CONCORD, N.C. -- AT&T will be able to replace the Cingular logos on the No. 31 car driven by Jeff Burton with the AT&T "globe" logo beginning with Saturday night's NASCAR Nextel All-Star Challenge, based on a ruling by a federal judge Friday afternoon.
U.S. District Court senior judge Marvin Shoob issued a preliminary injunction barring NASCAR from interfering with AT&T's rights as primary sponsor of the car in the Nextel Cup series.
"I'm really happy for AT&T that we're going to be able to rebrand our car to AT&T and carry on and get back to really trying to win this championship," said team owner Richard Childress on Friday at Lowe's Motor Speedway. "It's just a great day for RCR and AT&T."
NASCAR, however, still is pursuing legal options and has been granted a hearing before Shoob Saturday morning to stay today's decision. If the judge grants the stay, the No. 31 will remain with its current Cingular branding. If not, all of the current Cingular logos on the car will be replaced by the AT&T globe, and NASCAR plans to seek an emergency stay from the 11th Circuit Court of Appeals on Monday morning.
In his 32-page ruling, Shoob wrote "the court concludes that the continued appearance of the Cingular brand on the No. 31 car, unaccompanied by any indication that Cingular now does business as AT&T, is likely to confuse NASCAR fans."
When Sprint Nextel became primary sponsor of the NASCAR series, Cingular and Alltel were grandfathered in as sponsors. NASCAR argued in court that it was made clear to Cingular that if the company was sold -- AT&T and BellSouth merged last December and then became full owner of Cingular -- it would not be able to change logos on the Burton car.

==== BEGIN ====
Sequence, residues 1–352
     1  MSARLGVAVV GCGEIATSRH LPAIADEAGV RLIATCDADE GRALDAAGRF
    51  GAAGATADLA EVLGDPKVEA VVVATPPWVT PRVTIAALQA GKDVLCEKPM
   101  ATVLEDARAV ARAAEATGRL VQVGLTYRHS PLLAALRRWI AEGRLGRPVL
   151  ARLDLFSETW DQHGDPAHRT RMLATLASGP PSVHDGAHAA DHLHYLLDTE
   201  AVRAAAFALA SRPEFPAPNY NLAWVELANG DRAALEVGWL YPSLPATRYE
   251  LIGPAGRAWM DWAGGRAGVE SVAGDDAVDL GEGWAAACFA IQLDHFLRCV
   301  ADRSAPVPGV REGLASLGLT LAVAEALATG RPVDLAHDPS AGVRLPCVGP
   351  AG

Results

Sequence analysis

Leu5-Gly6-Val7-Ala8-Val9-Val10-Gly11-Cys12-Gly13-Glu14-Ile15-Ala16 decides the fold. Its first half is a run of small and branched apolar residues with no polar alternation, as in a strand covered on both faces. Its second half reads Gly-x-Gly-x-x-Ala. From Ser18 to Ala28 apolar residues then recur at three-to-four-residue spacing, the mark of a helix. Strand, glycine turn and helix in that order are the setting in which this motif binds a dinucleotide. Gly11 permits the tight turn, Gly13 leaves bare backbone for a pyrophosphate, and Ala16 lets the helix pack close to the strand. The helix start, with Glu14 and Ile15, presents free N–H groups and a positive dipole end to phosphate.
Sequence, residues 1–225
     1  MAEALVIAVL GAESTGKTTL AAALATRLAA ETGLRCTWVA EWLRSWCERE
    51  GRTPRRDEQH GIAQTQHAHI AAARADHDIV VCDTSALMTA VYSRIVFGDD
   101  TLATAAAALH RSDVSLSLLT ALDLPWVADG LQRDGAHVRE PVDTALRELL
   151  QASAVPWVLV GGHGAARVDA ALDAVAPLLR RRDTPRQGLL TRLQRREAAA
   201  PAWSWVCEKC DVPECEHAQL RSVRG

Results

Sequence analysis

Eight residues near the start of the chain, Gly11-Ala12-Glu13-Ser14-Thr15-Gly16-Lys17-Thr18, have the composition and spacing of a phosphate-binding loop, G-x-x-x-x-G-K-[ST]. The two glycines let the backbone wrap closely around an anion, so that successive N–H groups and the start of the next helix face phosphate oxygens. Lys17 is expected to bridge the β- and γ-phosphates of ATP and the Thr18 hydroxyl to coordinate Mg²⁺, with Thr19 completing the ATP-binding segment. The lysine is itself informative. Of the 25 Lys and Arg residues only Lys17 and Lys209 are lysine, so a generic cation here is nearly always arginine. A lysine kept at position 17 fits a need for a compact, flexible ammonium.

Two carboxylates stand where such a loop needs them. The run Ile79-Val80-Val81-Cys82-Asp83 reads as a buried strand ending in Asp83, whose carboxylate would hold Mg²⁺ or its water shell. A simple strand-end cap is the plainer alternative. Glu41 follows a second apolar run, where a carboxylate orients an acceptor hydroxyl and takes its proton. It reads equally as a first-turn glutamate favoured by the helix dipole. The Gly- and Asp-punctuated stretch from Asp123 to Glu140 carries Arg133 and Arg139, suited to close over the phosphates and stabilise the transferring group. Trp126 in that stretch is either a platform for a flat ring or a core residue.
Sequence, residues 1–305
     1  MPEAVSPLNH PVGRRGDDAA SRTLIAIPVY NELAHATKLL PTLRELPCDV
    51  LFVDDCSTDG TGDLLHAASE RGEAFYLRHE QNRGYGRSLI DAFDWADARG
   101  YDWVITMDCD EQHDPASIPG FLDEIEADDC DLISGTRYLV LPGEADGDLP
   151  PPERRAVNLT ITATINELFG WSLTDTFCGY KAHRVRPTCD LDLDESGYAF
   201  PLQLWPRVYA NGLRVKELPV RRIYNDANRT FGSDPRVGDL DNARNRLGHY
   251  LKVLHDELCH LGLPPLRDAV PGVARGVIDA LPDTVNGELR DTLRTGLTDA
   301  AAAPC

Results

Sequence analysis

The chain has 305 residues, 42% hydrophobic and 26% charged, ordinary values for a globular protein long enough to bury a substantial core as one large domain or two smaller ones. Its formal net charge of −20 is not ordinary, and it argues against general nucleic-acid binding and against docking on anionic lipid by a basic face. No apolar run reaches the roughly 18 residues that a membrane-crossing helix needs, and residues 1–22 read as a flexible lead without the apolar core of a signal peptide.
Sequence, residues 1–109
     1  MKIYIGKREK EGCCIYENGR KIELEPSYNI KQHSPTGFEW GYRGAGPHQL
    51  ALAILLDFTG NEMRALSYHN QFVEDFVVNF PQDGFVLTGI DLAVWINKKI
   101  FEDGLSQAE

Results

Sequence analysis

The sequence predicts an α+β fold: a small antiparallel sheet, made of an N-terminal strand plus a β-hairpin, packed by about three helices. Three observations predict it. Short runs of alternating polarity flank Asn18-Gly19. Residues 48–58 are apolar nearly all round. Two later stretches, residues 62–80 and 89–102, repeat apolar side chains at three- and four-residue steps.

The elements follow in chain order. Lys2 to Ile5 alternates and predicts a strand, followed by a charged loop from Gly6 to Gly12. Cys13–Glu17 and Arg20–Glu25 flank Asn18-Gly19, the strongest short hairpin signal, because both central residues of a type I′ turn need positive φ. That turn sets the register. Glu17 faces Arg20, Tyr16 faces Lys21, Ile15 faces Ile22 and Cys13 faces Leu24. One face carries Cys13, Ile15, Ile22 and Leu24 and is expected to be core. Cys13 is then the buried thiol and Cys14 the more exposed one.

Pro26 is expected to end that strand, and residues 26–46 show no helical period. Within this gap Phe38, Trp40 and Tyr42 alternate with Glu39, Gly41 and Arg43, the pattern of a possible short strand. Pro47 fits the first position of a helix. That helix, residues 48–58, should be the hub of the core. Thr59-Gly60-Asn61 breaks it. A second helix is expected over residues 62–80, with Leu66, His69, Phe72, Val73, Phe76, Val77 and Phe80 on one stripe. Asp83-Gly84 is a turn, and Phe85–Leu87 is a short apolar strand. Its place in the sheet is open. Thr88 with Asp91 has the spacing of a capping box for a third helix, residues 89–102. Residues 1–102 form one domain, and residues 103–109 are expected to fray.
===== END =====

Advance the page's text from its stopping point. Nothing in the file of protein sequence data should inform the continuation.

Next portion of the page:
"While we respect the court's decision, we disagree with this preliminary ruling," Dean Kessel, director of NASCAR Nextel Cup marking for Sprint Nextel, said in a statement. "Sprint Nextel has been committed to enhancing the NASCAR fan experience in many ways, including increasing the points fun payout and developing cutting-edge technology and services for the betterment of the fans, the teams and the sport.
"All of this was possible through the exclusivity granted to us as the series sponsor for the Nextel Cup and that exclusivity from NASCAR also grants us protection from other telecommunications competitors infringing on our sponsorship rights. The merger that created the new AT&T means their brand now represents a much broader and more comprehensive company than the Cingular brand."
AT&T filed suit in U.S. District Court in Atlanta on March 16 and then filed a motion for preliminary injunction 10 days later.
Shoob said in Friday's filing the "court agrees that [AT&T's] inability to exercise its exclusive right of negotiation is a form of irreparable injury."
He also wrote that "Sprint Nextel knew that its exclusivity was going to be impaired because it agreed with NASCAR in the Nextel Sponsorship Agreement to grandfather in certain competitors."
Childress said he expects to begin negotiations with AT&T "pretty soon."
Angelique S. Chengelis is a contributor to ESPN's NASCAR coverage.